But Dodd won't be able to rest on his $1.5 million worth of laurels quite yet as his industry's love of staggered release windows (and hatred of their potential customers) has just been dealt an extremely low-tech blow from a startup called Zediva. Their plan? Harness the power of hundreds of single DVD players, each remotely controlled by a user on the other end of the internet. Take that, gatekeepers! And technology in general! And say goodbye to rental staggering, region restrictions and PPV limitations. (For now. Oh, and they're already full up.)
The New York Times finally finishes its threatened paywall. Fortunately, they're way ahead of the game, having spent $40 million for the opportunity to lose even more money. The grand experiment in WTF-ness ups the WTF-ness by debuting in Canada.
Our government, not wanting to seem more popular than the industries they were protecting, made plenty of godawful moves of their own. First and foremost was yet another depressing development in the Bradley Manning case. State Department spokesperson PJ Crowley agreed with 99% of everyone not currently in the White House, calling Manning's confinement and treatment "ridiculous and counterproductive and stupid." Shortly thereafter, he was asked to clean out his office, starting with that pesky conscience of his.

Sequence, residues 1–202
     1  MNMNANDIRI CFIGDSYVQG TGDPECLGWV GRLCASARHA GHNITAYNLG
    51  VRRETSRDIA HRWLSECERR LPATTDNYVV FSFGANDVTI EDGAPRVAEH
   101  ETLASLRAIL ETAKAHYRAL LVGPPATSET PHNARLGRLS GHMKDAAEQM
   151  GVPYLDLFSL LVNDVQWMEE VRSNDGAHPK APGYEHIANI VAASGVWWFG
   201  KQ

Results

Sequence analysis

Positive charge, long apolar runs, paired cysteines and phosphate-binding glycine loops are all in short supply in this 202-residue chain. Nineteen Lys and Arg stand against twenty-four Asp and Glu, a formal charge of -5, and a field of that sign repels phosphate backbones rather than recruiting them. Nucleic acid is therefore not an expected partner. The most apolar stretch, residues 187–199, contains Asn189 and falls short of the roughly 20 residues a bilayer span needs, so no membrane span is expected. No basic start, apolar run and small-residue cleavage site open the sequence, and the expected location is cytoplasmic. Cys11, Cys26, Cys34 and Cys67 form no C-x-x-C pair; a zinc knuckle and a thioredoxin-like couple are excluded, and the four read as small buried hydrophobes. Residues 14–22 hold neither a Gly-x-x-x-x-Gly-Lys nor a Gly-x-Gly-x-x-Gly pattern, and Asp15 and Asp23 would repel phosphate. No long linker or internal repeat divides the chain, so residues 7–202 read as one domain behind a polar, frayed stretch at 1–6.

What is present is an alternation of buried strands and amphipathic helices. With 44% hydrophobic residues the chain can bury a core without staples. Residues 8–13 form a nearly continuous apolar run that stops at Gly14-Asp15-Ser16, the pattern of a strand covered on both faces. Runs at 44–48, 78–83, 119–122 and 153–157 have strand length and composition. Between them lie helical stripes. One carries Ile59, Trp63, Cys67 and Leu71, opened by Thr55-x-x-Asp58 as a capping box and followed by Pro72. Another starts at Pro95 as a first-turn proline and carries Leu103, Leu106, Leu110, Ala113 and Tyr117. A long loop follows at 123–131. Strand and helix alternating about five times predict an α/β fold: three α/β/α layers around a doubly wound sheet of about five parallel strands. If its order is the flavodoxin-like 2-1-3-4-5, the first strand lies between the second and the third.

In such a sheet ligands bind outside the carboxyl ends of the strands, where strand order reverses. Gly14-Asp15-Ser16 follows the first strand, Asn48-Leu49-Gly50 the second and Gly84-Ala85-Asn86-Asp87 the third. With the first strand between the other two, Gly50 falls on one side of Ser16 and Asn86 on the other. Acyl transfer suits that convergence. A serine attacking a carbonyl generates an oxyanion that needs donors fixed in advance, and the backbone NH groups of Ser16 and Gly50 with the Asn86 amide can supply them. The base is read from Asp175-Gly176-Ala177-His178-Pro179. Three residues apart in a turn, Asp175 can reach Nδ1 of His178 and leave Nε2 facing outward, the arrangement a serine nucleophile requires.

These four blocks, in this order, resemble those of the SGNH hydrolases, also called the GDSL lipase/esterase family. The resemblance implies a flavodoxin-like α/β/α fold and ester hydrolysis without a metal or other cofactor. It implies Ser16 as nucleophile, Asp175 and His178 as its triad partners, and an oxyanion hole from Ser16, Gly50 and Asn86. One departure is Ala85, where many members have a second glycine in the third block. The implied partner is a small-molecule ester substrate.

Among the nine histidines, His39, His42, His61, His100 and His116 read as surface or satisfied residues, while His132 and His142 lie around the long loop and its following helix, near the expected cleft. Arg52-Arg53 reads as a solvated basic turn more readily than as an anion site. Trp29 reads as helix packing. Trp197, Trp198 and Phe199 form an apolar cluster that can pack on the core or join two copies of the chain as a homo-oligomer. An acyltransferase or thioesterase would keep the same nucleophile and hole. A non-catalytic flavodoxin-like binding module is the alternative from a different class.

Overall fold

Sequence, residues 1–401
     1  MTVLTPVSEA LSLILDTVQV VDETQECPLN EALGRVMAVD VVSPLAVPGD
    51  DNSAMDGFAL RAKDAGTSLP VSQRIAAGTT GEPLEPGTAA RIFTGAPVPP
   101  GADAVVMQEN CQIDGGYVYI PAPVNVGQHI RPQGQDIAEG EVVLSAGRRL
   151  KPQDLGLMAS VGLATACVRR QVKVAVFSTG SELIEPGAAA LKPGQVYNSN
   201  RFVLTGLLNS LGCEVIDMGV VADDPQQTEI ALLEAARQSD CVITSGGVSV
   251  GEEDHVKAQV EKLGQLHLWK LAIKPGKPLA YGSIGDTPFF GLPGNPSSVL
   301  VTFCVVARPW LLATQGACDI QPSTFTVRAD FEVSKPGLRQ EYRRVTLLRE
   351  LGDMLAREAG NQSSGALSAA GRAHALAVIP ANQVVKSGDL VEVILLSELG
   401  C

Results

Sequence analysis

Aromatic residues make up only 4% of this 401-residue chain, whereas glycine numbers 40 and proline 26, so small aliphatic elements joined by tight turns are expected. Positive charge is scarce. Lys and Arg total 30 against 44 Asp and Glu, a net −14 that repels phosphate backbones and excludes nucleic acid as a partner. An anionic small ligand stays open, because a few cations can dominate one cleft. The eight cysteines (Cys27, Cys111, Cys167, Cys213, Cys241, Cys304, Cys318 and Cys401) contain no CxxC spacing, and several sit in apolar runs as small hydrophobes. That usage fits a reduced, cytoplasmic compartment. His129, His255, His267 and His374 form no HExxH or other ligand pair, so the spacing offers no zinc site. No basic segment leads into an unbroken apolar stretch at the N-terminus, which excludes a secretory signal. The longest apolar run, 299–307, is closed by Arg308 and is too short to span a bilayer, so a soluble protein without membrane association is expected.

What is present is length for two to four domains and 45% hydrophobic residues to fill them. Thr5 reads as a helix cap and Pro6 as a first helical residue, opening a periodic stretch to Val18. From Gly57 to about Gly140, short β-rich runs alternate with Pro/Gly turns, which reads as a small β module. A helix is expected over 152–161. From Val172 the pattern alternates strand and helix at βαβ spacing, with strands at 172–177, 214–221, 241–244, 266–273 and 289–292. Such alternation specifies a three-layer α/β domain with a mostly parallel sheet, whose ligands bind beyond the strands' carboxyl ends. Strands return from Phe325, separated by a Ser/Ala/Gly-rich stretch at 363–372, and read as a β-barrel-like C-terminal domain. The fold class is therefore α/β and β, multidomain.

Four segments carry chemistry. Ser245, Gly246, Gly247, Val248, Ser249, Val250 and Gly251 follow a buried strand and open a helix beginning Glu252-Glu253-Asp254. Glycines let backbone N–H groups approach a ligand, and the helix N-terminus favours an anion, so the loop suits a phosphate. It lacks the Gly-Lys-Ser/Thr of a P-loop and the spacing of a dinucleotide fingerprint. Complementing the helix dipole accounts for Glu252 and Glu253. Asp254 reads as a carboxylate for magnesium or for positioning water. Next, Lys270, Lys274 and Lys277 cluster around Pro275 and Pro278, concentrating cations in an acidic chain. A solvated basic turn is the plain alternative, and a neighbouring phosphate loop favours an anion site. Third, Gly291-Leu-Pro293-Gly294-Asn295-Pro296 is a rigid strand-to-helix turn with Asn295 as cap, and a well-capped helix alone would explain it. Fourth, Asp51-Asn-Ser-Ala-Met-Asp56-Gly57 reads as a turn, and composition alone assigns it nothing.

With conscience safely removed, the military found itself ready to move about the social networks, swelling its ranks with trollish sock puppets. But don't worry, they only want to target "foreigners." A quick scan of Youtube comment threads shows the operation is well underway.
At long last, Techdirt gets its first topless shot, thanks to some more TSA "business as usual." Careful with that link, though. I know you're saying, "I want to get there before there's a line!" but it may not be what you're expecting. Plus, someone wrote all over it.
IP Czar Victoria Espinel expressed concern that the overreaching laws don't overreach enough, expanding their coverage area to include such easily abused vagaries as "organized criminal enterprises/gangs," "wiretap authority for copyright/trademark offenses" and the ever popular "infringement by streaming," the last of which is sure to finally kill off the "IP Freely" joke.
Of course, private citizens hate leaving all of the vindictively ignorant action to big businesses and big government. Case in point: a mother sues her daughter's preschool for failing to make her child into Harvard material. Harvard admissions responded by stating, "She's four years old. Good lord. Have a little perspective. Try Brown."
Speaking of private citizens, here's what your fellow citizens think of your public cell phone usage. From the "It's All in the Way You Ask the Question" department, a recent study found that 9 out 10 cell phone users think other cell phone users are inconsiderate clods. Unrelated: 9 out 10 people who actually still go to the theater all silently hated on the guy who took a call during a pivotal second act scene. The tenth person was unavailable for comment as he was still in mid-phone call.
Well, I apologize in arrears for the length of this post. Now that I've made the front page, I should probably open up my wallet and spring for one of those popular "Redskins Insider" badges people keep talking/suing about.